Monday, April 17, 2006

Military Recruiting: The Yellow Elephant in the Room

Attention Pro-War Americans:

Here are some sincere suggestions to help you convince other real Americans to agree with you; most apply to pro-war rallies or counter-protests at anti-war events:

1. Be prepared when speaking to a reporter. If you are a veteran or reservist, make sure the reporter knows that (and writes it down with your name). The same goes if you are in ROTC/OCS/etc., or if you are a parent of any of these.

2. If you were not accepted for military service, or know you are ineligible so why waste the recruiters' time, first tell the reporter it's off the record (that is, not to be published), and then make sure the reporter knows that you at least stepped forward or considered military service yourself. [You don't have to share medical details with the whole country, which is why you specify it's off the record before speaking to the reporter.] Not all recruiters do paperwork when a potential prospect turns out to be ineligible; if you have proof, show it to the reporter, but if you don't, please say so up front. You need to ensure that the reporter knows that you are serious about the policy you are supporting.

3. Assuming none of the above apply to you, be prepared for The Question: You appear eligible for military service and you are here (at this event) to support the war. Have you considered enlisting? It's both legitimate and relevant to the story, so you might as well think about it. When you do, please also seriously consider volunteering for military service yourself. Military recruiters are standing by.

4. If you're not eligible to serve, be prepared for The Other Question: Have you encouraged your eligible relatives and friends, your circles of influence, to consider military service?

6. If, after considering The Question and The Other Question, you have decided that you definitely support the war only if "other people" actually fight it, then please be proud enough to say so, publicly. Some people say that this blog doesn't want people like you to express their opinions. That's not true: We want you to express them to the entire country!

Thank you for participating in our great democracy.


At 17 April, 2006 18:00, Blogger Diana Rowe Pauls said...

WOW and THANK YOU. You SAID it!!

At 20 April, 2006 20:51, Blogger Bubblehead said...

Interesting post; I'm a retiree -- I served on active duty in the Navy (submarines) for 21 years and couldn't stay in longer because of a medical disability, and my son is planning on going to the Naval Academy. I volunteered to go to Iraq, but they didn't need any submariners, so I got sent TAD to CENTCOM HQ instead, where I worked with the Coalition Coordination Center for Iraq (mostly with the Poles). I support the Global War on Terror, and the concept of extending it to Iraq, but don't like how it's been executed. How's that? Does my opinion count as much to you as an anti-war veteran?

At 21 April, 2006 06:11, Blogger QuestRepublic said...

Interesting comment from the submariner. I am an ex-Navy pilot from the Vietnam era, USNA grad and a life-long republican.

After initially supporting the Iraq War, I now learn that the evidence was cherry-picked. I admit to being seduced by the articles in NYTimes and influenced by Secretary Powell's presentations.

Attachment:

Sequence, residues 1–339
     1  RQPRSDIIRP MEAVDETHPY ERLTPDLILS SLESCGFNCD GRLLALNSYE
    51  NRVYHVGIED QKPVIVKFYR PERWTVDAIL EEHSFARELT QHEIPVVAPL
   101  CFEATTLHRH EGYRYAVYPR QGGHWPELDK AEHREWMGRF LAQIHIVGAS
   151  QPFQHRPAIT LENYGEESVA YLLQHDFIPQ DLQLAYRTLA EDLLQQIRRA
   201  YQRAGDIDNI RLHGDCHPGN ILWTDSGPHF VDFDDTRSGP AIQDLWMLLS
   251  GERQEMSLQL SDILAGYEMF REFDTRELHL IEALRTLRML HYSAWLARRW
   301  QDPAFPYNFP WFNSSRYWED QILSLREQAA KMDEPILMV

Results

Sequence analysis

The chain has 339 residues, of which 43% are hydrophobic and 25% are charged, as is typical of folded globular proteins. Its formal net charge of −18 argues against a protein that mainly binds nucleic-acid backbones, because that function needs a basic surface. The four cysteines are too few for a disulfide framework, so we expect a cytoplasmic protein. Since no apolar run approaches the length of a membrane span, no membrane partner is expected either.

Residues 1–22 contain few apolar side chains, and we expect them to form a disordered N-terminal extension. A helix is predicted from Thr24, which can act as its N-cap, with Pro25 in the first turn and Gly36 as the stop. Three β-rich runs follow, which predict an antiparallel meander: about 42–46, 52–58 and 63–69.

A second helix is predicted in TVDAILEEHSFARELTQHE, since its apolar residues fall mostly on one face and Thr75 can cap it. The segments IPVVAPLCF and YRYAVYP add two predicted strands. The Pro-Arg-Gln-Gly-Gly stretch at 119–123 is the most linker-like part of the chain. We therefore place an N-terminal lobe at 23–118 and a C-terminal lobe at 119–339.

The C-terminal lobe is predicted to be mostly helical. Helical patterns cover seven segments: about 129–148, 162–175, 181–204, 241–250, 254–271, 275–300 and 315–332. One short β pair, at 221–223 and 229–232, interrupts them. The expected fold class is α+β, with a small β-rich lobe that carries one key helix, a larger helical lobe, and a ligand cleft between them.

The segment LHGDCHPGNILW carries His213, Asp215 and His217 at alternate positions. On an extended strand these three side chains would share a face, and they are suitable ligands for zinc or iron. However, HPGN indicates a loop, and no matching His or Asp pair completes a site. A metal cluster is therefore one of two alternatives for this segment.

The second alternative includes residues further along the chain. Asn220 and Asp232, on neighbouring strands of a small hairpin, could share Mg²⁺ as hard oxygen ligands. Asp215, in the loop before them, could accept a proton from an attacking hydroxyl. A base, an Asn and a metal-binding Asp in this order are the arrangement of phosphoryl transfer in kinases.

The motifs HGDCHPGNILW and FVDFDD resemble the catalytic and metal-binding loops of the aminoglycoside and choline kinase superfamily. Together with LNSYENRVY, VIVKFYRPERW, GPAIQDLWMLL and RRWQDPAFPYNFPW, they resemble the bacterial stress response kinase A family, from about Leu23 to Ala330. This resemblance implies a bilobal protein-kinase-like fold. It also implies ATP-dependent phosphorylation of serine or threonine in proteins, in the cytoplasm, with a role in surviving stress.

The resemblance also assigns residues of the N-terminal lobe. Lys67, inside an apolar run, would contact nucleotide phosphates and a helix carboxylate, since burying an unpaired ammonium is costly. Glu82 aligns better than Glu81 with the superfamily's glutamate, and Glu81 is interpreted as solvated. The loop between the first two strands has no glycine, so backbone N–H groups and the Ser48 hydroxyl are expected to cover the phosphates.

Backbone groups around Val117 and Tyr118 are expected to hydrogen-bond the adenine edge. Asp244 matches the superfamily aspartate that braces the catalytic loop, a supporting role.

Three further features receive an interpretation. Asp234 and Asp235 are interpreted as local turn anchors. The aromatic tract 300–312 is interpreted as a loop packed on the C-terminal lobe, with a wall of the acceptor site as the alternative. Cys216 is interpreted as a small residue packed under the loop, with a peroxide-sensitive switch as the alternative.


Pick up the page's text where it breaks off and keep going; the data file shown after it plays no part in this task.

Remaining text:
Now we have this sudden parade of retired senior officers griping about Rumsfeld. While a few senior officers like Shinsecki and Zinni objected early on to the invasion or plans for post-war management, where were those general officers then, when their support could have helped?

Sounds like Vietnam all over again, when the enlisted and junior officers lives were ignored by their seniors because of their careers.

At 21 April, 2006 22:25, Blogger Mr. Ed said...

bubblehead - please share your experiences and opinions. I'm interested in hearing both.

At 23 April, 2006 03:51, Blogger Bubblehead said...

Mr. Ed: Fair enough -- Got a couple hours? Here's a link to a bunch of posts I've written about the war. While I don't think the Bush Administration (and CENTCOM) have handled the aftermath of the war very well at all, I still think that the idea of opening the Iraqi front in the GWOT was the right thing to do. If we keep screwing it up like we've done so far, though, it'll turn out to be a bad idea. My concern is that we may have reached the "point of diminishing returns" already.

At 23 April, 2006 14:18, Blogger Karl said...


I've read a couple of your posted stories, but I can't find any where you address our topic in any way, even tangentially.

If you have, please respond in the comments on "Dialogue with Bubblehead" and provide individual links if you can. [To get back now, I go right back to OYE and have to start over.]

Since this blog hasn't taken a position on the war itself, some of your other thoughts might be off-topic, but a brief intro and a link from the comments is OK.

Thank you again for your interest in Operation Yellow Elephant.

At 23 April, 2006 20:56, Blogger Bubblehead said...

My own post? Sweet. You shouldn't have... I put a comment up there. I'll check up on it later, after I look around your web site to see if you're calling for everyone who's concerned about Israeli oppression of Palestinians to do a "Rachel Corrie" and volunteer to go to Gaza to serve as a human shield.

At 25 April, 2006 16:02, Blogger Karl said...


Thanks, but this is a single-issue blog and Gaza is off-topic.

If you want to call for "everyone who's concerned about Israeli oppression of Palestinians to do a 'Rachel Corrie' and volunteer to go to Gaza to serve as a human shield," please feel free to do so.


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